How to Unlock Your Music Career While Teaching Private Lessons

Andrew Vait

Jun 22, 2017

The path to education is different for every teacher. Whether you rely primarily on teaching to provide a stable income or want to supplement your performance or writing career with teaching opportunities, there is an art in balancing each pursuit.

My experience in education has led me to a very interesting career in music, where teaching has both informed my performance career and helped to finance my musical goals. Critical components to achieving this balance include:

  1. Clearly defining your music career goals,
  2. Establishing a teaching schedule that complements your career goals, replete with a straight-forward and fair private lesson policy — a topic I covered in a previous blog post,
  3. Being kind to yourself as a teacher and creator.

Mitigate Expectations

I moved to Seattle in the fall of 2007 after graduating from the University of Miami’s Frost School of Music jazz program in the Spring of that year. As I settled into the city I would call home for the subsequent 10 years, I contemplated my professional options and potential revenue streams from my cousin’s couch (i.e. responded to every Musician Wanted ad on Craigslist). I recalled walking through the graduation hall at University of Miami with a dizzying sense of freedom, purpose, and — of course — an obligatory and generous helping of naïveté. “How young — how foolish — I was those long five months ago,” I pondered, moving from one end of my cousin’s couch to the other.

Ironic to the headline and content of this piece, the only career standard I set for myself upon moving to Seattle is that I would not teach. I responded to those Craigslist ads; I showed up early to jam sessions, I asked to sit in with the house band at dive bars, I would only accept the best gigs in town. I waited for the call to join the next touring outfit out of Seattle, but that call did not come. At least, it didn’t come right away.

In a stilted demonstration to move off my cousin’s couch (upon my cousin’s loving but firm request) into the city that showed me no immediate mercy , I clandestinely answered a teaching ad at a music school in Fremont — you know, where the troll lives. I got the job and was set up with my first two voice students in January of 2008. I established a two-day-per-week practice — Tuesdays and Wednesday, as it were — to leave weekends open for touring. I have been teaching private lessons ever since.

A Routine That Works

I will be the first to admit that I went through the motions for my first few years of teaching private lessons. That isn’t to say that I didn’t help my students or that I demonstrated an outwardly negative attitude toward teaching, but I quarantined teaching as a means to an end; a temporary patch on my basic financial needs until my music career blossomed. I developed a resentment toward my professional path — I felt that my teaching was somehow inhibiting my performance career, but I couldn’t afford to quit teaching because, in reality, there was no performance career to support me.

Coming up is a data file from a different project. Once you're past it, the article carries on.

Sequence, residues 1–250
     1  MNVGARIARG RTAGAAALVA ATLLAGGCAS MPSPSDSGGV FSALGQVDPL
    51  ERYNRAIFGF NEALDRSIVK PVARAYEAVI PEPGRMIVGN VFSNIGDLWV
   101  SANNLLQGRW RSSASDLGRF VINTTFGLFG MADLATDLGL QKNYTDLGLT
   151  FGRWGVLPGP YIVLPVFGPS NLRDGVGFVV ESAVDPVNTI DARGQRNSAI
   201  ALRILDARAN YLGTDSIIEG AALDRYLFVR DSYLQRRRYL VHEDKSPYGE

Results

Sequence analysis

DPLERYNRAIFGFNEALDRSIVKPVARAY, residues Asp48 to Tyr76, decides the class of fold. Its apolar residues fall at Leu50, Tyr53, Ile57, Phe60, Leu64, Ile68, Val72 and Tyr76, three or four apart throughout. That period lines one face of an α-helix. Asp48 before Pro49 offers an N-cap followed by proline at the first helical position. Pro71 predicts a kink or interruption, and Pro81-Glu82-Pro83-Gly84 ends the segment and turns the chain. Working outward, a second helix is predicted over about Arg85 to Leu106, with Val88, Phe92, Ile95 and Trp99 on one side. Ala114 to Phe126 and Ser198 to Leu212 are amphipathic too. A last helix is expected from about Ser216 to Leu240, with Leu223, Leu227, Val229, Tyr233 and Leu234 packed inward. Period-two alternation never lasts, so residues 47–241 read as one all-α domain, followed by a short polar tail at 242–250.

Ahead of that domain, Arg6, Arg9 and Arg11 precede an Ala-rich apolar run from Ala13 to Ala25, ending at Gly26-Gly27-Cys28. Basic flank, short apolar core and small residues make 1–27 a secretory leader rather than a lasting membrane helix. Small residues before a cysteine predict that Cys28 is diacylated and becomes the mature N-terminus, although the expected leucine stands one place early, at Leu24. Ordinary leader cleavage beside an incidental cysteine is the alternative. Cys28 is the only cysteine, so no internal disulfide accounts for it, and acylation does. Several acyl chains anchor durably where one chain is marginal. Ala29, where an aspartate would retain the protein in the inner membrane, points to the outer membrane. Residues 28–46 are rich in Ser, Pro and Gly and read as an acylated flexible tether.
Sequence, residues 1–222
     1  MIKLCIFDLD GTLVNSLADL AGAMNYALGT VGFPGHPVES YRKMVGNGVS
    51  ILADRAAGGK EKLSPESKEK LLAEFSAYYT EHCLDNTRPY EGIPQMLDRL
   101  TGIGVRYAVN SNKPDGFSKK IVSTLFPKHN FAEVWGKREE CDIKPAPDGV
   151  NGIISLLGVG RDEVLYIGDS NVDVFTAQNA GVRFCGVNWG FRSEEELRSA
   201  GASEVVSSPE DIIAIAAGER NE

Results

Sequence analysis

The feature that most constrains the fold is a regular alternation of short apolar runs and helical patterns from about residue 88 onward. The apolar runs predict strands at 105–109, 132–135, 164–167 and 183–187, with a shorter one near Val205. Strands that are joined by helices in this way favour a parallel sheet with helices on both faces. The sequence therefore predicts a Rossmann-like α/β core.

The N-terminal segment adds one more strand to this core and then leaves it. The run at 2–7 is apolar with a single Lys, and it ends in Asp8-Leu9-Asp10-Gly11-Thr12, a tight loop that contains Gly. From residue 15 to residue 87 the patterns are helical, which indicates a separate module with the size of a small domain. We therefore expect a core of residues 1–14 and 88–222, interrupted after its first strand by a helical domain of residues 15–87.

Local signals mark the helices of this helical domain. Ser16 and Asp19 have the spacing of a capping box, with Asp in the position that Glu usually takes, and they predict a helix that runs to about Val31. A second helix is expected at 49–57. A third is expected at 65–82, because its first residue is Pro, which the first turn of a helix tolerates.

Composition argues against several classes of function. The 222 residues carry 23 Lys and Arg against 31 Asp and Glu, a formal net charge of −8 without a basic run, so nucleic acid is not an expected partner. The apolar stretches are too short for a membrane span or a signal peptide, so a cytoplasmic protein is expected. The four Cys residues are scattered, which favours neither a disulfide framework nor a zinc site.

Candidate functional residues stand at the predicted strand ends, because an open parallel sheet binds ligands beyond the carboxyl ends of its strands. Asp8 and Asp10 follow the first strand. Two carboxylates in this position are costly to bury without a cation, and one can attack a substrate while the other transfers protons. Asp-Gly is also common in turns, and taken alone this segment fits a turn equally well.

I spent years relaying to my students what scraps I could remember from a few sporadic voice lessons in college. I was a jazz saxophone major at University of Miami and transitioned to jazz voice in my junior year. You could say my formal training was…scattered. I recognized a stagnation in my lessons after hesitantly exploring my anxiety surrounding teaching and, paired with the fact that I was still not touring with any regularity, I took voice lessons again for myself and made a commitment to my private teaching practice. Much to my chagrin, I began to enjoy teaching.

The Challenge Of Being A Better Teacher

Right around this time, my music career blossomed. My then-new indie pop project, SISTERS, quickly garnered critical praise and a dedicated local and regional following, and I started getting more calls for touring and studio work. As the demand for my musical offerings grew, so did demand for my teaching services.

In retrospect, I can’t help but wonder if my change in attitude toward teaching invited a holistic overhaul to the entirety of my music career.

I currently maintain an extremely flexible teaching schedule during workday hours because I can no longer commit to any specific day of the week. It took almost 10 years of structuring and restructuring to achieve this balance.

Mitigate Expectations (Again)

I still find myself daydreaming about that opportunity that will take me away from *this life* and catapult me into the stratosphere of tour buses surrounded by successful musicians and their celebrity friends. You could view this as a healthy dose of fallacy and ambition — the combination of which will keep you hungry and satisfied. I find it most productive at this mark in my life to remind myself that success in my music career is not mutually exclusive to an enjoyable and lucrative career in teaching. Each pursuit can — and will — inform the other, if you give them each the space to do so.

How have you found success in balancing performance with teaching? Please share your experiences in the comments below.


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